On the 21st of March, 1556, Cranmer was conducted to St. Mary's Church, where Dr. Cole, provost of Eton College, preached a sermon, in which he stated that notwithstanding Cranmer's full repentance, he had done the Church so much mischief that he must die. That morning Garcina, a Spanish friar, had waited on him before leaving his cell, and presented him with a paper making a complete statement of his recantation and repentance, which he requested him to transcribe and sign. It seems that his enemies calculated that, having so fully committed himself, the fallen primate would not at the last hour depart from his confession; but they were mistaken, Cranmer now saw nothing but death before him, and he most bitterly repented of his weakness and the renunciation of what he felt to be the holy truth. He had, therefore, transcribed once more the paper which had been brought to him, but in place of the latter part of it he wrote in a very different conclusion. Accordingly, when he read his paper at the conclusion of the sermon there was a profound silence till he came to the fifth article of it, which went on to declare that through fear of death, and beguiled by hopes of pardon, he had been led to renounce his genuine faith, but that he now declared that all his recantations were false; that he recalled them every one, rejected the Papal authority, and confirmed the whole doctrine contained in his book. The amazement was intense, the audience became agitated by various passions, there were mingled murmurings and approbation. The Lord Williams of Thame called to him to "remember himself and play the Christian." That was touching a string which woke the response of the hero and the martyr in the primate. He replied that he did remember; that it was now too late to dissemble, and he must now speak the truth.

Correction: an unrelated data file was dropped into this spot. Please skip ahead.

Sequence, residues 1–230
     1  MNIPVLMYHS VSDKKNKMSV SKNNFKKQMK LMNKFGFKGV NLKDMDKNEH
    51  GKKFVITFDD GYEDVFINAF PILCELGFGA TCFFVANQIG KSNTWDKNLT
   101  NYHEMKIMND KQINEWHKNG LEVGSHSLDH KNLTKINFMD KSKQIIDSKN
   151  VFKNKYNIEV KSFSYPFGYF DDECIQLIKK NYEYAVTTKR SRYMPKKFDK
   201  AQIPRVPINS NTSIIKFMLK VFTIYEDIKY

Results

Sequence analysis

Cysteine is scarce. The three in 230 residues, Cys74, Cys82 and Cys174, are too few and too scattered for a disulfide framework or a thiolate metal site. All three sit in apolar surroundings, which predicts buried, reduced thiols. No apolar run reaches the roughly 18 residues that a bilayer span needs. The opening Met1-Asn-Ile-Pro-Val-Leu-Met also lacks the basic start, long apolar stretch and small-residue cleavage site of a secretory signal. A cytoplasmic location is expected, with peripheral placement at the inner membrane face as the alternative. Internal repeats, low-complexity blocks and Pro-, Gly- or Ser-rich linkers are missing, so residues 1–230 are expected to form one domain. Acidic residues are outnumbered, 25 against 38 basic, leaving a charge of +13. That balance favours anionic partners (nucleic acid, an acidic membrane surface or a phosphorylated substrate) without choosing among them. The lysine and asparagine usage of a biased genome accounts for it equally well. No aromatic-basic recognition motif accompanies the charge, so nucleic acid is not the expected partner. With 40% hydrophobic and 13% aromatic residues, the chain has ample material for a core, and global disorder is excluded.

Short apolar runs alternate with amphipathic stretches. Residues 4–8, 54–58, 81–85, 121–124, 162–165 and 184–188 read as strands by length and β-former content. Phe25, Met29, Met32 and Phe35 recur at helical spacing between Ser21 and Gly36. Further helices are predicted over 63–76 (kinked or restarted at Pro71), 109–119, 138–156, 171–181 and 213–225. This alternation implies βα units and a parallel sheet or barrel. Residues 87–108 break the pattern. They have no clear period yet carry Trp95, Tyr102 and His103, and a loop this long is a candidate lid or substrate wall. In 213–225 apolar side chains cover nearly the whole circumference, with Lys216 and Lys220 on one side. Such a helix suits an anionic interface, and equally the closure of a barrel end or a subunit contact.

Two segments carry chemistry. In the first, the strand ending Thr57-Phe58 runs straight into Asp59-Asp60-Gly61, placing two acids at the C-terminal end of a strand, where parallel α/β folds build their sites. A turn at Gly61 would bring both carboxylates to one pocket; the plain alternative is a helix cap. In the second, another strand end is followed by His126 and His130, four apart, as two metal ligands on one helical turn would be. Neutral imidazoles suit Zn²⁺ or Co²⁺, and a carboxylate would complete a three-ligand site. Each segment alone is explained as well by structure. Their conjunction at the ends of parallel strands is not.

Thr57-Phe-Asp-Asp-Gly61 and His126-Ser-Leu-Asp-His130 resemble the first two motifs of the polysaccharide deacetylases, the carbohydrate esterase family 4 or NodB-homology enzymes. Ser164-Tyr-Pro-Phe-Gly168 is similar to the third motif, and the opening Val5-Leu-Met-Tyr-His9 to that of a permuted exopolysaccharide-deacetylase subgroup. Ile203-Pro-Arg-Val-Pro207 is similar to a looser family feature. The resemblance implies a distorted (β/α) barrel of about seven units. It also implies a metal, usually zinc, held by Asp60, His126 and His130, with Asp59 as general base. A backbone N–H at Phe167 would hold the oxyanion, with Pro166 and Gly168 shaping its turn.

This was the time which was to atone for all the weakness of nature in Cranmer, for all his shrinkings, his compliances, his concealments, and almost for his persecutions of others. He saw death certain, and its terrors vanished. The mighty and sublime truth which he had always worshipped in his heart, but which he had not always had the strength to testify and maintain, though he had still been permitted to serve it essentially, now assumed its whole place in his soul, and nerved him for one final and glorious victory.

When the first astonishment at this unlooked-for declaration had passed, there was a rush to drag down Cranmer, and hurry him to the stake in the same spot where his friends Ridley and Latimer had suffered. There he was speedily stripped to the shirt and tied to the stake; through it all he was firm and calm. He no longer trembled at his fate; he declared that he had never changed his belief; hope of life only had wrung from him his recantation; and the moment that the flames burst out he thrust his right hand into them saying, "This hath offended." The writers of those times say, that he stood by the stake whilst the fire raged round him, as immovable as the stake itself, and lifting up his eyes to heaven, exclaimed, "Lord, receive my spirit," and very soon expired.

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Pictures for The Reign of Queen Mary page 12

Queen Mary I
Queen Mary I >>>>
The Crown of England offered to Lady Jane Grey.
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Lady Jane Grey and Roger Ascham
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Execution of the Duke of Northumberland on Tower Hill.
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Lord Guildford Dudleys room